People in Blackpool end up in hospital because of booze more than anywhere else in the country.
The resort has long topped national leagues of shame, and health bosses here have spent years in a constant battle against the bottle.
But the booze crisis rattles on – and the situation is perhaps made worse by the fact supermarkets are now routinely selling super-strength alcohol for super cheap.
The Gazette visited six supermarkets recently, and found Asda, Sainsbury’s, Tesco, and Morrisons all had booze on their shelves for less than the price of a bottle – or can – of water.
Morrisons was selling a 500ml ‘CanO Water’ for £1. For the same price, shoppers could get a bigger bottle of own-brand cider, or a 500ml bottle of Bulmers.
Four 440ml cans of Morrisons Export Lager – at 4.8 per cent ABV – for £3, or 75p per can.
Blackpool’s director of public health, Dr Arif Rajpura, has led the council’s fight back against the demon drink, and has campaigned against cheap booze being made readily available.
He said supermarkets were not helping to tackle an issue that has blighted the town and many of its residents.
He said: “Although Blackpool does currently experience higher rates of alcohol-related hospital admissions compared to the England average, we have seen a gradual reduction in alcohol-related hospital admissions from 1,229 per 100,000 in 2013/14 down to 1097 per 100,000 in 17/18.
“There have been a wide range of actions by partners across Blackpool over this period to drive down alcohol-related harm, and we do recognise that we need to continue the good work of partners across the town to continue this downward trend.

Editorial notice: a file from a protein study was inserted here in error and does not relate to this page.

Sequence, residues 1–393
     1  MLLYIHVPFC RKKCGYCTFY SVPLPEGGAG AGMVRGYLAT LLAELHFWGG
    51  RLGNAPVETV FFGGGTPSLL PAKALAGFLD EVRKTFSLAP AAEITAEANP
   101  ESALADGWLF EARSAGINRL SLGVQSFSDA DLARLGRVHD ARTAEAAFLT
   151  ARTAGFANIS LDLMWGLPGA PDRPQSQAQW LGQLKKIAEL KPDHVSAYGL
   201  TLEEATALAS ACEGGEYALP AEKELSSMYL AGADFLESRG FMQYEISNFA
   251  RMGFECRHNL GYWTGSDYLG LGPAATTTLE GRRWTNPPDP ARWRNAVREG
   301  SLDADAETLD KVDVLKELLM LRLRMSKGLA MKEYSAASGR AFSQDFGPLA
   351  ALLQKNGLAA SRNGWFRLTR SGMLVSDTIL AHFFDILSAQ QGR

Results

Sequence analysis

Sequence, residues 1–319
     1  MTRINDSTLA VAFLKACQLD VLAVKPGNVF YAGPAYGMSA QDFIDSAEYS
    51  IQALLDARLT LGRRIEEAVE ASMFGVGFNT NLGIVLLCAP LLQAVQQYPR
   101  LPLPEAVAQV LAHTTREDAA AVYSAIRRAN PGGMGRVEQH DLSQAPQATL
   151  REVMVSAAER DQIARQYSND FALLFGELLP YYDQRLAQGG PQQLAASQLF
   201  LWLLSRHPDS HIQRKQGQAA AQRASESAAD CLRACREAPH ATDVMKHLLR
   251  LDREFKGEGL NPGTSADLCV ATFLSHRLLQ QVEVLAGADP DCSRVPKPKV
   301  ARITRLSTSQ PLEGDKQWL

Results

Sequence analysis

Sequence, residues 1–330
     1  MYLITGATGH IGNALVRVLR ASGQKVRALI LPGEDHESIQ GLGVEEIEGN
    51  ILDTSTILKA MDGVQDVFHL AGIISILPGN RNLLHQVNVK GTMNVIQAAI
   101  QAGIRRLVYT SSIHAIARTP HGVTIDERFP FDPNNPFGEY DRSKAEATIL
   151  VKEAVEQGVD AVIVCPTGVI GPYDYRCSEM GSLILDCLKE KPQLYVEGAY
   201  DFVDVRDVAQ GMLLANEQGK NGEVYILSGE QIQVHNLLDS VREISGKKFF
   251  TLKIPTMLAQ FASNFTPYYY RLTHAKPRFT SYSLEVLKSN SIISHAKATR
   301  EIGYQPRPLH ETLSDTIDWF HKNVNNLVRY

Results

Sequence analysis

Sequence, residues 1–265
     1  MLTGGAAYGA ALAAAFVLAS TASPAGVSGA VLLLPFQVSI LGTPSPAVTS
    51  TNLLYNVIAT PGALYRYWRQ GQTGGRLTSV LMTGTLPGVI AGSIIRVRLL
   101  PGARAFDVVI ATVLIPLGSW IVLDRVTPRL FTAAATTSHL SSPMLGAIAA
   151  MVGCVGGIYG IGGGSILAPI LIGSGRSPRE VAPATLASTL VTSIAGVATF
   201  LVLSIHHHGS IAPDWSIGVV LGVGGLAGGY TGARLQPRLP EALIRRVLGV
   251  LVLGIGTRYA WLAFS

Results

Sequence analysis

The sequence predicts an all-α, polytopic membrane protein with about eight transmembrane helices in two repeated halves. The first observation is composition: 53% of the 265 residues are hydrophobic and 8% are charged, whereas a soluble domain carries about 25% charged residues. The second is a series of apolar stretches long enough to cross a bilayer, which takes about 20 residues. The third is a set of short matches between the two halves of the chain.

“To address the alcohol-related hospital admissions, it is important that a number of evidence based strategies are employed in terms of effective prevention, health improvement interventions for those at risk, treatment and recovery services for dependent drinkers, and action to reduce binge drinking and the harms associated with it.
“The Blackpool Alcohol Strategy addresses all of these approaches, but whilst the availability of cheap alcohol in supermarkets and off-licences remains across Blackpool alcohol will continue to cause harm.”
Alcohol is linked to several serious illnesses, including liver and kidney disease, multiple cancers, mental health issues, stroke, and high blood pressure.
The council’s strategy, which outlines the severity of the resort’s problem, says: “There can be no doubt that tackling alcohol-related harm is currently a priority both nationally and locally.
“Alcohol misuse in the North West... is the worst in the UK, and Blackpool has high levels of alcohol-related harm – health, disorder, violence – for the size of the population.”
Men living in Blackpool generally die around 13 years earlier than the national average, while women die an average of eight years earlier.
The strategy adds: “One of the main causes of shorter life expectancy in Blackpool is alcohol-related diseases.”
None of the supermarkets responded to requests for a comment.